Sometimes I wonder if my family could be any less cool. The family car is a Ford Escort, we regularly and enthusiastically visit national trust properties for a day out and we own a static caravan on the Welsh South Coast. Of course this gives us some fairly explicit indicators as to what to do with our bank holiday weekends. Luckily, the location of our ‘van just happens to be my favourite place in the world.
There are three things I like about the little, poorly heated, tin box we refer to as a caravan: it shares its doorstep with the ocean, the same doorstep is also employed by possibly the best café in the country and there are trails in abundance. One such trail is Y Dyffryn – The Valley.
It begins with the smallest of spins down a knackered single-track road before cutting down through a tunnel of shrubbery dissecting a farm. From afar, this descent appears fairly elementary; a generously wide trail, almost totally lacking in corners. It isn’t until you achieve the on-board perspective that that opinion begins to evolve. The loose, fist sized rocks play havoc with the rear wheel and one miniscule miscalculation could lead to tragedy as a rusty, barbed wire fence ominously looms. It’s a good one for testing depth perception and spatial awareness as you begin to approach the valley’s basin.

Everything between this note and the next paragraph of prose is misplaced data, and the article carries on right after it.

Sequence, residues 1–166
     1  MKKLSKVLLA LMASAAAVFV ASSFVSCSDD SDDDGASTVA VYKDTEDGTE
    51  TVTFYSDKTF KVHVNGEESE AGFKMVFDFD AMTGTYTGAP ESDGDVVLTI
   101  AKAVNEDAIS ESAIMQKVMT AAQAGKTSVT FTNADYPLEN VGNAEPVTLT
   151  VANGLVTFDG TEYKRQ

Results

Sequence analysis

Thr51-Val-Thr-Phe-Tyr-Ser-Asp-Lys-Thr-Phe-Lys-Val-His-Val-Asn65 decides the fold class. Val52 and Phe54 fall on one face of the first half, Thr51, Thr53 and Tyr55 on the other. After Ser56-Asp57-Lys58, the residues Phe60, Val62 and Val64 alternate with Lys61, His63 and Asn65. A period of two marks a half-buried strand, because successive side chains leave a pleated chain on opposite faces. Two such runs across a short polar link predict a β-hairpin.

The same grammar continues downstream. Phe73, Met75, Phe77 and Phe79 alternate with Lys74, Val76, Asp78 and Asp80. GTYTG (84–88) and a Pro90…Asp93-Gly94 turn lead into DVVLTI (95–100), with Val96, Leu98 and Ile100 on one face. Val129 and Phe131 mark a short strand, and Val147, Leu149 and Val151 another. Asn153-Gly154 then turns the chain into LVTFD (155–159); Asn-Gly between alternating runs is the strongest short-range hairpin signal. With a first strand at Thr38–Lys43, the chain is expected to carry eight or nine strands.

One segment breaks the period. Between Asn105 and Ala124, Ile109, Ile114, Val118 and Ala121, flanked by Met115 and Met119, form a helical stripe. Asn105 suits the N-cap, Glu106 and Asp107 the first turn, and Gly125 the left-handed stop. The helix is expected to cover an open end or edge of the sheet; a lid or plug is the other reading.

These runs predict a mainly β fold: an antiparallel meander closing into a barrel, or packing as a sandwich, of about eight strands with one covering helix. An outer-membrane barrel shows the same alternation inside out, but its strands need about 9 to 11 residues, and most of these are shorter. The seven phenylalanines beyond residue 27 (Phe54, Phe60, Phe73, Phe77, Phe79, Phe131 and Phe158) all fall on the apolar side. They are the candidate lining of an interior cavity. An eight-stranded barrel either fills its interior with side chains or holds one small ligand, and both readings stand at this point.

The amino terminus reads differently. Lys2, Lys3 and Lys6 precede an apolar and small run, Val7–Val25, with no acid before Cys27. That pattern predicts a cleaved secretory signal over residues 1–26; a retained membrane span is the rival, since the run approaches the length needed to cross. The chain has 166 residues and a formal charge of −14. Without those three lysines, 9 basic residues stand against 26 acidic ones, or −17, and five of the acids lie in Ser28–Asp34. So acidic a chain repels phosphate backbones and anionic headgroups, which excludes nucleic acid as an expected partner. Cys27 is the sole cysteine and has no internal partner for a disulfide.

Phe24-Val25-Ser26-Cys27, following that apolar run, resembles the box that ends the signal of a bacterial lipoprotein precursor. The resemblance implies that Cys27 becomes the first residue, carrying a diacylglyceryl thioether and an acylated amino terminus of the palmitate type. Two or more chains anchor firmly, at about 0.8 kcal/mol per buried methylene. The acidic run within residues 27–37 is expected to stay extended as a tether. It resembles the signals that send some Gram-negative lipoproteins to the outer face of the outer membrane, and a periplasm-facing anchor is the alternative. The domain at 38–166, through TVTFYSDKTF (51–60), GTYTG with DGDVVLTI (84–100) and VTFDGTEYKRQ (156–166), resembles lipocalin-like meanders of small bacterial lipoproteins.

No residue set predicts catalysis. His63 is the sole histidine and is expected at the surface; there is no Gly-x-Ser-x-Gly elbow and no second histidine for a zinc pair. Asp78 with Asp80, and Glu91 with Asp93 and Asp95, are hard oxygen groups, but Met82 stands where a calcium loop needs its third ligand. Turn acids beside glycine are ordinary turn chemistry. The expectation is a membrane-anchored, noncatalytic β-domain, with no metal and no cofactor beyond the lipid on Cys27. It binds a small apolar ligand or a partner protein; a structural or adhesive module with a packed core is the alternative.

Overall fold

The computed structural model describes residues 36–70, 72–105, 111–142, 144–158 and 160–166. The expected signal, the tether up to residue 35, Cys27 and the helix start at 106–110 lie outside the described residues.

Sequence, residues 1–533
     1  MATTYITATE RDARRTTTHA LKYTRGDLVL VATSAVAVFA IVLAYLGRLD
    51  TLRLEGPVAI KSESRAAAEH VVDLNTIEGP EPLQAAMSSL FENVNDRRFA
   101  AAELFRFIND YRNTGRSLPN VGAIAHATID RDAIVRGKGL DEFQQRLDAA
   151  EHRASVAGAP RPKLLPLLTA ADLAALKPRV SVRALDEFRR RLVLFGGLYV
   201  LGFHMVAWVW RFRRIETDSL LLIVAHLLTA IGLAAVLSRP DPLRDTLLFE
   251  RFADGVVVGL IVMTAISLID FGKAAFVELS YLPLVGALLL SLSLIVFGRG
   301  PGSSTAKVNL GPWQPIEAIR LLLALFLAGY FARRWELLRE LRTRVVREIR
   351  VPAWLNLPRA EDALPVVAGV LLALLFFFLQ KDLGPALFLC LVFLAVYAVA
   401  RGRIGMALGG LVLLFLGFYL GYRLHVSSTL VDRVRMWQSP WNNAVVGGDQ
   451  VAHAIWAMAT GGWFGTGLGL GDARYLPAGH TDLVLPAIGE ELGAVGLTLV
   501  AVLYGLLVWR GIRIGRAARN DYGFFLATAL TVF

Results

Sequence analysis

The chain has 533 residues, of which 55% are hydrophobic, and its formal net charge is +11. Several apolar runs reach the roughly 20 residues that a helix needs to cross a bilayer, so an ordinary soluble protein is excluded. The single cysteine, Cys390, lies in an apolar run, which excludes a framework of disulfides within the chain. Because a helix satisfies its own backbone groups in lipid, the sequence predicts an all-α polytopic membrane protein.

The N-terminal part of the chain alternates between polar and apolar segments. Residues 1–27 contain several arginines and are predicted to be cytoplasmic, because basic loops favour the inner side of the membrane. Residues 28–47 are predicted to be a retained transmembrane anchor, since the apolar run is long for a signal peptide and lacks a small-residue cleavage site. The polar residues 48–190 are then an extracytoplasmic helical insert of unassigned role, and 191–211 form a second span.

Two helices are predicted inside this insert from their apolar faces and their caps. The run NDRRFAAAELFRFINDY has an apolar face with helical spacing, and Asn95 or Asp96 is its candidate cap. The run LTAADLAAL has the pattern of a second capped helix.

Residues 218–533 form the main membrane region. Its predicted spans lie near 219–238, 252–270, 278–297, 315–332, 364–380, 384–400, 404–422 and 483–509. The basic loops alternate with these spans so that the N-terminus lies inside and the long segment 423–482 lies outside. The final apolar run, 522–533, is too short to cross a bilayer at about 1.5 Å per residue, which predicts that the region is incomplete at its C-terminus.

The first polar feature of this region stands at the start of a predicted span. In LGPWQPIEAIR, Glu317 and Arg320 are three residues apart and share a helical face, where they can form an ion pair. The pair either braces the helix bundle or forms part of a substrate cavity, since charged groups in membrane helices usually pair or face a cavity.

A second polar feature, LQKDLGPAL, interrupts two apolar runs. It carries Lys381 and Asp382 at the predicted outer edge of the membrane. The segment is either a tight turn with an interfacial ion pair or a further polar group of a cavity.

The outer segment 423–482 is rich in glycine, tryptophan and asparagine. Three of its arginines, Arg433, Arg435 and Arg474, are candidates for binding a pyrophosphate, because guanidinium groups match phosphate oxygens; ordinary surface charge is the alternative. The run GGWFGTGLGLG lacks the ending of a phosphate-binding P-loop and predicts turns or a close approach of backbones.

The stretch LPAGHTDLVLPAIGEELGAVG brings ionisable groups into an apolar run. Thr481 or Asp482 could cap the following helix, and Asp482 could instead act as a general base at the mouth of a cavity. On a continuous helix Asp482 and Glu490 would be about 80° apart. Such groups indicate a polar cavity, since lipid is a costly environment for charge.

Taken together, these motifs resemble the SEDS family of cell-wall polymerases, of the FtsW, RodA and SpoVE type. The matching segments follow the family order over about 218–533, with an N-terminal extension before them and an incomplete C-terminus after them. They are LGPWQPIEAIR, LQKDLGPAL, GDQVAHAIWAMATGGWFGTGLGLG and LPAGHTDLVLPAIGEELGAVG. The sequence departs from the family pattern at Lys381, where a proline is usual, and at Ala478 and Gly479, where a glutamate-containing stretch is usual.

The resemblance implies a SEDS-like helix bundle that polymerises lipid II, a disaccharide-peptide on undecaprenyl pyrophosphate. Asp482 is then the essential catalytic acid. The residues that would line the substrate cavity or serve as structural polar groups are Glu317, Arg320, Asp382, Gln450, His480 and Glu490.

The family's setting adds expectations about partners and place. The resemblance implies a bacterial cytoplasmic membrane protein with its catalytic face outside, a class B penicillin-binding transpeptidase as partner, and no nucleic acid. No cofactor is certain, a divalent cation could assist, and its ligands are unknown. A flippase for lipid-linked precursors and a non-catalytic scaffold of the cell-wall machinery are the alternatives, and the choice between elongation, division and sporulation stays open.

In the cover of the trees, the next few hundred metres offer a precious few minutes of recuperation before it begins to wind up through the trees, persistently strangled by the flora’s hefty limbs.
It’s then up and along an unused road, past the local rugby club and through some mosquito hotspots, before taking a sharp right-hander through a gate and embarking on the final descent.
As a downhill, it’s exciting. The wide, often dusty trail is strewn with rocks that make it a real hold-on-and-hope- job. However, where this declination really excels is in the scenery. It appears initially fairly ordinary, but come the second bend you are immersed in a purge f sea air and a glorious view of Pwll Du Bay below. Amidst the breath-taking vista it is a struggle to maintain focus and you are left vulnerable to mistakes and more than a few hairy moments.
Though not long (just over 8km) upon completing this ride, one can’t help but feel drained. The various climbs empty the legs and I defy anyone to successfully negotiate the final down without experiencing a scorching degree of lactate in the forearms.
It’s a gem.